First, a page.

Goes beyond brand image, it is used to personify a brand. 5 dimensions: sincerity, excitement, competence, sophistication, and ruggedness
Brand Keys
Brands create differentiation, and consistency (amongst brand elements, products and services, and associations)
Hierarchy of Brand
Awareness(category identification, recall and recognition)–meaning (brand attributes and personality)–reactions (judgements and feelings)–relationship (loyalty)
Business Models
universal, intangible, and value focused outline of the architecture of value creation that defines the entities, factors, and processes involved in delivering and capturing value in the marketplace. (exs. include razors-and-blades, freemium, bricks-and-clicks, and franchising)
Top-Down Business Model
A model that starts with a broader consideration of the target market and the relevant value exchange. (And then followed with designing a specific offering)
Bottom-Up Business Model
A model that starts with designing the specific aspects of an offering and then followed up by identifying a target market and developing the OVP.
Marketing Myopia
Term used to describe a company’s exclusive focus on product development while losing sight of underlying customer needs.
Strategic Business Unit
An operating company unit with a discrete set of offerings sold to an identifiable group of customers, in competition with a well-defined set of competitors.
Goal-Strategy-Tactics-Implementation-Control Framework for market planning. (S+T=business model, and C=metrics for measuring success)
Goal (GSTIC)
Identifies the ultimate criterion for success that guides all company marketing activities. Defines the focus and benchmarks.
Strategy (GSTIC)
The logic of the value-creation model. Comprised of determining the target market and the value proposition.
Tactics (GSTIC)
The specifics of the marketing offering–the marketing mix (4P’s etc.)
Implementation (GSTIC)
The logistics of developing the offering. Includes organizational infrastructure, business processes, and implementation schedule.
Control (GSTIC)
The process of evaluating goal progress by using metrics to evaluate performance and monitor the environment.
Value-Based Factors
Factors used in segmentation that reflect customers’ needs and their willingness and ability to pay for the company’s offerings.
Profile-Based Factors
Factors used in segmentation that reflects customers’ easily observable characteristics such as age, gender, income, social status, geographic location, and buying behavior.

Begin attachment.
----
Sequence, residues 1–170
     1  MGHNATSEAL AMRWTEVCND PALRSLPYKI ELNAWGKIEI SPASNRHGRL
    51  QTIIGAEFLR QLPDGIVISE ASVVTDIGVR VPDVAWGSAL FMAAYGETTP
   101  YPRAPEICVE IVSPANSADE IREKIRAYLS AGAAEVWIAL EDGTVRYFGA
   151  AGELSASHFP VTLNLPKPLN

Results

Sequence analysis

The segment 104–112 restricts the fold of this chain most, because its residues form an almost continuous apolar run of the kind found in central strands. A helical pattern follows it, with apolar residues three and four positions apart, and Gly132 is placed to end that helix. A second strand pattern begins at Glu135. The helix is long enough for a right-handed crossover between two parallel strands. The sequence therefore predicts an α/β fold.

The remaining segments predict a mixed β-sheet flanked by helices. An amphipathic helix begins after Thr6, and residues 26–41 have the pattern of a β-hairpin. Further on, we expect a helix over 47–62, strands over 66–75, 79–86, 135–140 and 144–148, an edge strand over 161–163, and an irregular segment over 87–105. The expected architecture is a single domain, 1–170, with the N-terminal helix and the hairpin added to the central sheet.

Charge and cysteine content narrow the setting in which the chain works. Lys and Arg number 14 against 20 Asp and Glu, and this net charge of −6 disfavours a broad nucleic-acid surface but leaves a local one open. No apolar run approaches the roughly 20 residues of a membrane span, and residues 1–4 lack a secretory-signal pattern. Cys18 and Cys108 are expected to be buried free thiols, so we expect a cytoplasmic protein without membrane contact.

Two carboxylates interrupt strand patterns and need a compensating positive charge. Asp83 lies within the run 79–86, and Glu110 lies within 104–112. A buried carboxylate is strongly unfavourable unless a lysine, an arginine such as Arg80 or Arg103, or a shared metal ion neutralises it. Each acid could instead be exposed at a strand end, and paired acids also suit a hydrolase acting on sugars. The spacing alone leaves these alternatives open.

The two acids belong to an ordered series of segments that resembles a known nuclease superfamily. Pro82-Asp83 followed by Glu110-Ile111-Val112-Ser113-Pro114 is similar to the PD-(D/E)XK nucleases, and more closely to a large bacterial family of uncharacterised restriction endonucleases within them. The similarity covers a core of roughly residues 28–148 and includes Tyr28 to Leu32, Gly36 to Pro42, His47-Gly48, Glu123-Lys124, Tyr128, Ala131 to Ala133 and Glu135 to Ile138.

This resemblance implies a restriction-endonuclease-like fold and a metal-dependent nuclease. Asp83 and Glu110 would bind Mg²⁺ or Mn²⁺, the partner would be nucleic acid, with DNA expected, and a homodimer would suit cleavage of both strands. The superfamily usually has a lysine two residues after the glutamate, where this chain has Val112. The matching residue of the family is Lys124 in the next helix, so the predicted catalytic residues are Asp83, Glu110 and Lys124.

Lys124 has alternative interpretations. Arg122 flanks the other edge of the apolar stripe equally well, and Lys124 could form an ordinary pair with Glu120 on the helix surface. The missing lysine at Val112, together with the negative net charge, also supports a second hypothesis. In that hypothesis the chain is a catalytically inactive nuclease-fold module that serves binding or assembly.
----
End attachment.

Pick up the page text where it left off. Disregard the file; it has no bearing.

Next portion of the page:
Strategic Targeting
Targeting that focuses on the value defined by customer needs and the potential to create value for the company. Emphasizes target attractiveness and compatibility.
Tactical Targeting
Targeting that focuses on customer profile to identify effective and cost-efficient ways to reach these customers. Emphasizes behavioral and demographic factors.
A popular segmentation heuristic stating that segmentation should yield segments that are both Mutually Exclusive and Collectively Exhaustive.
Relatively stable individual characteristics such as personality, moral values, attitudes, interests, and lifestyle.
Loss Aversion
An aspect of the value function that states that people put more weight on losses than gains. A positive discrepancy is not as dramatic as a negative discrepancy b/w expectations and performance.
Point of Parity
Attributes on which an offering’s performance matches that of the competition
Points of Difference
Attributes on which an offering’s performance are different from that of the competition
Strategies for creating superior customer value
Improve performance on a given attribute, add a new attribute on which the offering has an advantage, increase the perceived importance of an attribute on which the offering has an advantage (VISA)
Frame of Reference
Provides customers with a benchmark for assessing the value of the offering. 5 types of frames can be distinguished: need-based, user-based, category-based, competitive, and product-line
Market-Growth Strategy
Aka primary-demand strategy of increasing sales volume involves increasing sales volume by attracting new-to-the-category customers.
Steal-Share Strategy
Strategy of increasing sales volume that involves growing share volume by attracting customers who are already category users and are buying competitor’s offerings.
Market-Penetration Strategy
Strategy of increasing sales volume that involves increasing sales volume by increasing the quantity purchased by the company’s own customers.
Increasing sales revenue